is a loaf of bread
which has been pre-sliced and packaged for convenience.
Otto Frederick Rohwedder
of Davenport, Iowa
invented the first loaf-at-a-time bread-slicing machine. A prototype he built in 1917 was destroyed in a fire, and it was not until 1928 that Rohwedder had a fully working machine ready. The first commercial use of the machine was by the Chillicothe Baking Company of Chillicothe, Missouri
, which produced their first slices on July 7
, 1928. Their product, "Kleen Maid Sliced Bread", proved a success. Battle Creek, Michigan
has a competing claim as the first city to sell bread presliced by Rohwedder's machine; historians have produced no documentation backing up Battle Creek's claim. The bread was advertised as, "the greatest forward step in the baking industry since bread was wrapped.
St. Louis baker Gustav Papendick bought Rohwedder's second bread slicer and set out to improve it by devising a way to keep the slices together at least long enough to allow the loaves to be wrapped. After failures trying rubber bands and metal pins, he settled on placing the slices into a cardboard tray. The tray aligned the slices, allowing mechanized wrapping machines to function.
W.E. Long, who promoted the Holsum Bread brand, used by various independent bakers around the country, pioneered and promoted the packaging of sliced bread beginning in 1928. In 1930 Wonder Bread, first sold in 1925, started marketing sliced bread nationwide.
The greatest thing since sliced bread
The phrase "the greatest thing since sliced bread
" (and variations thereof) is a commonly used hyperbolic
means of praising an invention
or development. Sliced bread appears to be something of an arbitrary selection as the benchmark against which later inventions should be judged. It has been said that "the phrase is the ultimate depiction of innovative achievement and American know-how", although it is commonly used in the United Kingdom
The popular use of the phrase derives from the fact that Wonder Bread, the first mass-marketer of sliced bread as a product, launched a 1930s ad campaign touting the innovation.
The 1943 U.S. ban on sliced bread
During 1943, U. S. officials imposed a short-lived ban on sliced bread as a wartime conservation measure. The ban was ordered by Claude R. Wickard
who held the position of Food Administrator, and took effect on January 18th, 1943. According to the New York Times, officials explained that "the ready-sliced loaf must have a heavier wrapping than an unsliced one if it is not to dry out." It was also intended to counteract a rise in the price of bread, caused by the Office of Price Administration's authorization of a ten per cent increase in flour prices.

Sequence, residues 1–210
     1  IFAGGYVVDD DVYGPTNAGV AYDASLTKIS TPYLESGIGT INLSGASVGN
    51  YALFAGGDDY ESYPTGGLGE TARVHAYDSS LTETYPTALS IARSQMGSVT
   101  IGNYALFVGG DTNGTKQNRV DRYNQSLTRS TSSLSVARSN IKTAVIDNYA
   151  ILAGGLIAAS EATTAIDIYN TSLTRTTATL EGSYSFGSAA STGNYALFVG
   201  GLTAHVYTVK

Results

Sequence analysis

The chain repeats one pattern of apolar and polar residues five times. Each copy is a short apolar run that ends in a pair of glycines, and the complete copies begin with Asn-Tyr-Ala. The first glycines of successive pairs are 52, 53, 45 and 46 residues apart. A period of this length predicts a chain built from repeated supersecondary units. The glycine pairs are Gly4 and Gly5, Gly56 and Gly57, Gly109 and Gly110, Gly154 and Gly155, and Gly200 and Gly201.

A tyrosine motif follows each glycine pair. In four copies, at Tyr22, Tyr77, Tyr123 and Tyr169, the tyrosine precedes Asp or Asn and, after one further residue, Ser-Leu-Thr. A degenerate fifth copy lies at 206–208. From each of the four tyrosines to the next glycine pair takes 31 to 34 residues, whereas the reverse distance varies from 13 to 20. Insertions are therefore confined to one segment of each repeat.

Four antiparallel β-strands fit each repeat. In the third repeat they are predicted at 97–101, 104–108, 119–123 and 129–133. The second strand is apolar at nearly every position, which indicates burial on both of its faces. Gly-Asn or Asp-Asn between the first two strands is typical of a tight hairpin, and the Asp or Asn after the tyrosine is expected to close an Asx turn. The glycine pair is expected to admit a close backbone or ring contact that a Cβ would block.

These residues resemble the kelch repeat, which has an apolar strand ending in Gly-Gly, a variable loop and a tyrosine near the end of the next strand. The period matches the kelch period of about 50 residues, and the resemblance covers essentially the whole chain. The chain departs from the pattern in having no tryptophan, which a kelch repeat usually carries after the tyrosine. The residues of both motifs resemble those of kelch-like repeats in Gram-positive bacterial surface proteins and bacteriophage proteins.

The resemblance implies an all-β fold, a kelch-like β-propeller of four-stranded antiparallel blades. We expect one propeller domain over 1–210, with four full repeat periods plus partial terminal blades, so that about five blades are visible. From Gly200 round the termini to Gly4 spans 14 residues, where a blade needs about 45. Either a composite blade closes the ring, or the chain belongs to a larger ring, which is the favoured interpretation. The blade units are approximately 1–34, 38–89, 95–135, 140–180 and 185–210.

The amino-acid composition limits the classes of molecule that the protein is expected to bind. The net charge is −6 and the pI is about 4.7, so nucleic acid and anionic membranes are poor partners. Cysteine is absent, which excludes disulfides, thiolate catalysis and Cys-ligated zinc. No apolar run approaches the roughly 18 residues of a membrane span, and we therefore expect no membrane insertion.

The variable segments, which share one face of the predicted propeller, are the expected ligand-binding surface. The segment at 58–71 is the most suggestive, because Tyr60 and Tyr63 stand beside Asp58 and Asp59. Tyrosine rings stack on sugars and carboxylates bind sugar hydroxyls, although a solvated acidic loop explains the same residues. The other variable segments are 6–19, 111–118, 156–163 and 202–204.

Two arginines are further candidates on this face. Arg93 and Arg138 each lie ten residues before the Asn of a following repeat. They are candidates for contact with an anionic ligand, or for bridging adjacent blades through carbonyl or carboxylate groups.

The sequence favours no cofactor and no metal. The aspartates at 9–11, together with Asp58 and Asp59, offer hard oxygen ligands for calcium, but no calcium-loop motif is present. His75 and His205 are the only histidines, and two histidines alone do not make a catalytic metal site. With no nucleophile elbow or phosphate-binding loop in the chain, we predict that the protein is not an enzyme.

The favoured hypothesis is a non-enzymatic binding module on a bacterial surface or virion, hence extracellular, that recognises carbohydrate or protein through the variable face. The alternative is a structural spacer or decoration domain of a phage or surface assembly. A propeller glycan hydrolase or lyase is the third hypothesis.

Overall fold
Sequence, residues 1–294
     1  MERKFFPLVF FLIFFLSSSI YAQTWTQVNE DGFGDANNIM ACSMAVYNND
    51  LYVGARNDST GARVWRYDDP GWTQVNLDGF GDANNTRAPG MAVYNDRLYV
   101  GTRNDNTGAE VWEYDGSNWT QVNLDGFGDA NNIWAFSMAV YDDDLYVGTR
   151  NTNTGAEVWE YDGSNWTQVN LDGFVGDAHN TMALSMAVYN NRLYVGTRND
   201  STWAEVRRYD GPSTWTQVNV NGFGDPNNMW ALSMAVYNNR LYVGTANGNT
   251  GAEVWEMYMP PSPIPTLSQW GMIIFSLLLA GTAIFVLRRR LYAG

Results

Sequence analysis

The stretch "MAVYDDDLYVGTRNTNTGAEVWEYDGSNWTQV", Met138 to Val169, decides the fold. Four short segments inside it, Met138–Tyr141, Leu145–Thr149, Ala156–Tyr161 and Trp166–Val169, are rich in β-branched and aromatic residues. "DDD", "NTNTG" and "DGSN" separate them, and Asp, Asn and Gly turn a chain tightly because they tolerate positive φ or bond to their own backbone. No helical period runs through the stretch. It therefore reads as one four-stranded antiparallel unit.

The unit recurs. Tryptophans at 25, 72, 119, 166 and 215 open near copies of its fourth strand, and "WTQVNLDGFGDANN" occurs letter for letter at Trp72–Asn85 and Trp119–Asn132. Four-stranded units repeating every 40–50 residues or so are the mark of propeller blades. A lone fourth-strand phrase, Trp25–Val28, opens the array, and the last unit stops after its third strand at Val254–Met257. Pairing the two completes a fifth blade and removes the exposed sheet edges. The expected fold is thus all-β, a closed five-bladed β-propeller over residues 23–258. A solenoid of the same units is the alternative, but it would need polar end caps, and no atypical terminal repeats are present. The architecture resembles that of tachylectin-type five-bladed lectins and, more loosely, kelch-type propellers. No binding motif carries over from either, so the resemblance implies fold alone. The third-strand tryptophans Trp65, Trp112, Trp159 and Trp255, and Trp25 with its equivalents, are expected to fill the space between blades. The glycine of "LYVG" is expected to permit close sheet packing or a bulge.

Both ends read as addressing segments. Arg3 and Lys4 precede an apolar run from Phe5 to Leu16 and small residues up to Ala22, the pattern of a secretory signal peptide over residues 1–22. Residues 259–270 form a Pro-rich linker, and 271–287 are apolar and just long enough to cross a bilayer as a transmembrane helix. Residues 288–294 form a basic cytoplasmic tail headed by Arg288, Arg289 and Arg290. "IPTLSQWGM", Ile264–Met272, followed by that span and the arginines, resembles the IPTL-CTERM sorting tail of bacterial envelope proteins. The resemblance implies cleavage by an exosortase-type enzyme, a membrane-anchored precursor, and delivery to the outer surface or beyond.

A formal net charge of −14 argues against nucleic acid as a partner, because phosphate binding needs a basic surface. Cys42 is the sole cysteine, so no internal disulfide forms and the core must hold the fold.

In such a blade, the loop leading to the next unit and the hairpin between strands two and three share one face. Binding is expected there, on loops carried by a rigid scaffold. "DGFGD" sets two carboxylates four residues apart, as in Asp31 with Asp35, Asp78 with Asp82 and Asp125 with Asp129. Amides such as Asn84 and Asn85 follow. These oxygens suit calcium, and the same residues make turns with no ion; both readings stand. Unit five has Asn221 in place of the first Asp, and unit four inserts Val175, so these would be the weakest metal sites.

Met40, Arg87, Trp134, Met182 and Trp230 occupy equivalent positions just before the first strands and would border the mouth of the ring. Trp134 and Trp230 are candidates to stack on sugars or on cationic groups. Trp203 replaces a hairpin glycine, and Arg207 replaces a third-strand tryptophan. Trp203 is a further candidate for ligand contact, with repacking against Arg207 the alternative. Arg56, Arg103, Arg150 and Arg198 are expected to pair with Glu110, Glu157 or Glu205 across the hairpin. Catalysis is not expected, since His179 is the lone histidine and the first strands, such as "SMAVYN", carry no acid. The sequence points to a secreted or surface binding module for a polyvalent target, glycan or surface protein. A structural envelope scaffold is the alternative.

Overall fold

In a Sunday radio address on January 24th, Mayor LaGuardia suggested that bakeries that had their own bread-slicing machines should be allowed to continue to use them, and on January 26th, 1943, a letter appeared in the New York Times from a distraught housewife:
- I should like to let you know how important sliced bread is to the morale and saneness of a household. My husband and four children are all in a rush during and after breakfast. Without ready-sliced bread I must do the slicing for toast—two pieces for each one—that's ten. For their lunches I must cut by hand at least twenty slices, for two sandwiches apiece. Afterward I make my own toast. Twenty-two slices of bread to be cut in a hurry!
On January 26th, however, John F. Conaboy, the New York Area Supervisor of the Food Distribution Administration, warned bakeries, delicatessens, and other stores that were continuing to slice bread to stop, saying that "to protect the cooperating bakeries against the unfair competition of those who continue to slice their own bread... we are prepared to take stern measures if necessary."
On March 8th, 1943, the ban was rescinded. Wickard stated that "Our experience with the order, however, leads us to believe that the savings are not as much as we expected, and the War Production Board tells us that sufficient wax paper to wrap sliced bread for four months is in the hands of paper processor and the baking industry.